If you get one in the 1 1/2 lbs range the bike will spin up quicker. If you go too light like the 8 oz flywheel I think you sacrifice the idle for the bikes ability to rev quicker. Less rotating mass is better, but for a good reliable street bike you need a bit of mass.
I have the Nichols 8oz flywheel, along with a lightweight clutch basket and lightened crank, with nary an idle problem. The bike idles without a problem and is smooth (I had the bottom end balanced, which probably helps). There is a downside though, which is starting from a stop.....since there is so little stored energy in the light flywheel, the engine will die if you don't give it enough gas from a start. If your bike does commuter type duty, I would suggest having the flywheel machined a little instead of dropping a few pounds with a new flywheel.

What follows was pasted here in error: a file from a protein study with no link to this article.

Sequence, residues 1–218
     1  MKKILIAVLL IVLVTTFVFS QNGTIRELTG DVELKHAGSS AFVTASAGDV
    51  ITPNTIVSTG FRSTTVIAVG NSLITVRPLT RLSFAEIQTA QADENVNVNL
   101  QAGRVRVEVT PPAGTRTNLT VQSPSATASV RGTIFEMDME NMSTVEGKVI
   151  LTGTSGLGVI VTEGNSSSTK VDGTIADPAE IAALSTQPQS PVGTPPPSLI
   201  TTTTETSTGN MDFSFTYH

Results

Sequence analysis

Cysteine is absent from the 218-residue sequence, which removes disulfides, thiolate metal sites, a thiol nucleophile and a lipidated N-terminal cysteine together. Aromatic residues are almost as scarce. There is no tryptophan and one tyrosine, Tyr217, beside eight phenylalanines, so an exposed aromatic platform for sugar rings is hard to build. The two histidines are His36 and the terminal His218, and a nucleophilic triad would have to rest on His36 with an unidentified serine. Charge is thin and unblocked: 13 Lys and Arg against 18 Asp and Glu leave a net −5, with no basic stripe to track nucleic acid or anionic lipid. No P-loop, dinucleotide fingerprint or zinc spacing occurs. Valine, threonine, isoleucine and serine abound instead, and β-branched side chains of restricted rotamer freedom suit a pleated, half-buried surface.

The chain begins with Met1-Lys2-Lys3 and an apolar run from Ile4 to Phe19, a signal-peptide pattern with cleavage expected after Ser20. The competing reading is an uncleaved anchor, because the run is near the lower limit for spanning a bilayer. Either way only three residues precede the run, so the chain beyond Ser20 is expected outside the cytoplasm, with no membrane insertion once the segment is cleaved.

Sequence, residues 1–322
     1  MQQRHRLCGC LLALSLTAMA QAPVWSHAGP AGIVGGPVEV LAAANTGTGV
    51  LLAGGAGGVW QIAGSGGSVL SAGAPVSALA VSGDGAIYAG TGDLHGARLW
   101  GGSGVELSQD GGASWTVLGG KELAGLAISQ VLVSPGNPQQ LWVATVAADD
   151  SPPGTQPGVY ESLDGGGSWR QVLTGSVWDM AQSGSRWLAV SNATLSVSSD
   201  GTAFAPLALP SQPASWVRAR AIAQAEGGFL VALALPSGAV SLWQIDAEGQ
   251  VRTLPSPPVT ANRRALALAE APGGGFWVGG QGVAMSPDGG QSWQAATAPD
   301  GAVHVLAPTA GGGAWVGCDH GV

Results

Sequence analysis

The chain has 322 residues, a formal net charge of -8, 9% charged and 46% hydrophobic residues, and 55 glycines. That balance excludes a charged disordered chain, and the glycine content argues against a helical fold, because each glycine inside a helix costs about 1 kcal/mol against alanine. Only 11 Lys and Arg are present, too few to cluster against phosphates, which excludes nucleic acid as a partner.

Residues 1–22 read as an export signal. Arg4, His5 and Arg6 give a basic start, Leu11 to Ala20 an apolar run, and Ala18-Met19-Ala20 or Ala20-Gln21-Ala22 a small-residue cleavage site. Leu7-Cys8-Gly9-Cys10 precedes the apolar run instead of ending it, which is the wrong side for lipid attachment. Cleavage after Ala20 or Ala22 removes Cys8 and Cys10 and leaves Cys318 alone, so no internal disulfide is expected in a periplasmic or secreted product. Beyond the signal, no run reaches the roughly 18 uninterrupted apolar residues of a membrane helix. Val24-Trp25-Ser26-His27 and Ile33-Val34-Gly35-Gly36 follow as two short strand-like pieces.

Lighter flywheel is not better on all circumstances. For example here in Finland one of our Ducati club member is racing on 996F (ex Ben Bostrom bike i believe?). He has nowadays 998F frame and all kinds of nice bits on his superbike.
He thinks that on slow tracks like all tracks in Finland are, heavier flywheel lets the rider to control throttle better on very slow curves.
I have noticed the same thing also even though I have 749. If your bike is mainly used on local roads then I believe you can buy a lighter flywheel just for fun.